Creativity and outreach are key to the effectiveness of the command’s SHARP program, and according to Picciano, efforts across NETCOM certainly focus on the SHARP message. “Some of the efforts include SHARP poetry, poster, and talent contests, SHARP Rocks [rock painting], Look SHARP Clothing Exchange, the Amazing Race, SHARP Unit Runs, SHARP Raffles, SHARP Hot Chocolate Meet and Greet, SHARP Walkabouts, SHARP Trivia Challenges, and more.” The command’s latest effort is the SHARP ‘Show Sex Offenders the Door’ Contest, which just ended. The winning poster for the contest is scheduled to be announced Sept. 18.
According to Picciano the command’s extensive SHARP efforts are implemented down to the lowest levels all across the command.
“NETCOM and its subordinate organizations outreach efforts, are all different, and are tailored to their command’s climate, OPTEMPO and locations,” said Picciano. “Leadership involvement, at all levels is key to successful events.”
SHARP is an ‘all-inclusive’ Army concept where anyone can make a difference. Recently, Sgt. 1st Class Patrick Potts-Szoke of the 21st Signal Brigade was recognized for earning the 2020 SHARP Spirit Award Winner for Class 20-006 of the Army's Sexual Harassment Assault Response and Prevention course, Sept. 1, 2020. “What a wonderful achievement,” wrote Maj. Gen. Barrett on a congratulatory note. “Your perseverance illustrates the unbeatable desire to achieve mission success, embodied in the American Soldier. There is no doubt, your performance is a reflection of your exemplary service in defense of our Nation and your dedication to our Army and this command.”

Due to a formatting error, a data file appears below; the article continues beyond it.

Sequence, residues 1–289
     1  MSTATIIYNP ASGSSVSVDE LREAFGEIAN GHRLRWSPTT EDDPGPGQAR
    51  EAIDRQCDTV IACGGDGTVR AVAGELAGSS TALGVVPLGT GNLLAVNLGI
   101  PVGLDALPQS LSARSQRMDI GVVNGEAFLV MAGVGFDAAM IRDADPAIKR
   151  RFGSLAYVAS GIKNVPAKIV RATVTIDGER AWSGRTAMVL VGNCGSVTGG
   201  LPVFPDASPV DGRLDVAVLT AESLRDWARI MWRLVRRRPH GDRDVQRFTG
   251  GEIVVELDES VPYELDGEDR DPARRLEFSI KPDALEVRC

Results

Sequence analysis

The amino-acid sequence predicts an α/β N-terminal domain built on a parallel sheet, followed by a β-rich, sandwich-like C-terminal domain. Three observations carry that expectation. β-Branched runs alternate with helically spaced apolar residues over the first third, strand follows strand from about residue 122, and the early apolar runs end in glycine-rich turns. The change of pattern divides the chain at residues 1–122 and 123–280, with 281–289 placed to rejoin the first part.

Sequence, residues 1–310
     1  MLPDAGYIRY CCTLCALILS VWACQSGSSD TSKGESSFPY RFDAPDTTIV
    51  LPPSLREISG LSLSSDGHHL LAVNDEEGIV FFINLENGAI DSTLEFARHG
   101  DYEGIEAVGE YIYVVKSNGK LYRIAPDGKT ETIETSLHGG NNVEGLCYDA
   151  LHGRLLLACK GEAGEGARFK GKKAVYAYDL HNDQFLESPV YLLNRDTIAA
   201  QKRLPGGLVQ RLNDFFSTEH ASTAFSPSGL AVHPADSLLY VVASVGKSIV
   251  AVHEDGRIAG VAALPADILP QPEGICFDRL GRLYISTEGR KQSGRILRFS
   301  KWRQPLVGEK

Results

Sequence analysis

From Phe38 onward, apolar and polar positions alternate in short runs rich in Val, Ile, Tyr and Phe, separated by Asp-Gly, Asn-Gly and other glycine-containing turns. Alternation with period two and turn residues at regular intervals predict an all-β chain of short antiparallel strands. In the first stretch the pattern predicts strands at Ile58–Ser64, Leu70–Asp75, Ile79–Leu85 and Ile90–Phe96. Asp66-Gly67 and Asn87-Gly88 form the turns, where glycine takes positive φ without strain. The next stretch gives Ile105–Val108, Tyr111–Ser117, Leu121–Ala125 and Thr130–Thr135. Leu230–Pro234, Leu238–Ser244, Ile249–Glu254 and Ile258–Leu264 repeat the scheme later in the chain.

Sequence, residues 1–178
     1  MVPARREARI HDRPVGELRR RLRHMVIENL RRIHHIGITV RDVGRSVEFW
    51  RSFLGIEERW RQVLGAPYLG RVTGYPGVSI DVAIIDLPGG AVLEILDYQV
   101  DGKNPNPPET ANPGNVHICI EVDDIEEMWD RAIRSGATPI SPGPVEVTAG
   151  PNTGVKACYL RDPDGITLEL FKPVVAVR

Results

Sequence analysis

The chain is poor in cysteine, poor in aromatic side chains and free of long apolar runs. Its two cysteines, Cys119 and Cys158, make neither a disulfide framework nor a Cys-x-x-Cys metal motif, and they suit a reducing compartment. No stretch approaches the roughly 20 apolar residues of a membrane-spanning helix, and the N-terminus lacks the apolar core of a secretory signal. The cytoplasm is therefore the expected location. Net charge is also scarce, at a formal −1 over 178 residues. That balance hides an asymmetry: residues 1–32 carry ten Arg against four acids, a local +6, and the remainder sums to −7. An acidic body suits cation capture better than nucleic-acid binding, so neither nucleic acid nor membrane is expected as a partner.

Potts-Szoke’s efforts are not alone. The command is committed to the Army SHARP program and is making a difference. “NETCOM will continue aggressive SHARP Outreach and Prevention efforts,” said Picciano. “In addition to providing SHARP focused events during April’s Sexual Assault Awareness and Prevention Month, every month the command team works to highlight SHARP goals, efforts, and changes.” And, if the past is a measure of future efforts, it is evident that maximum emphasis will continue to be focused on leaders at all levels for their involvement in the program’s goals.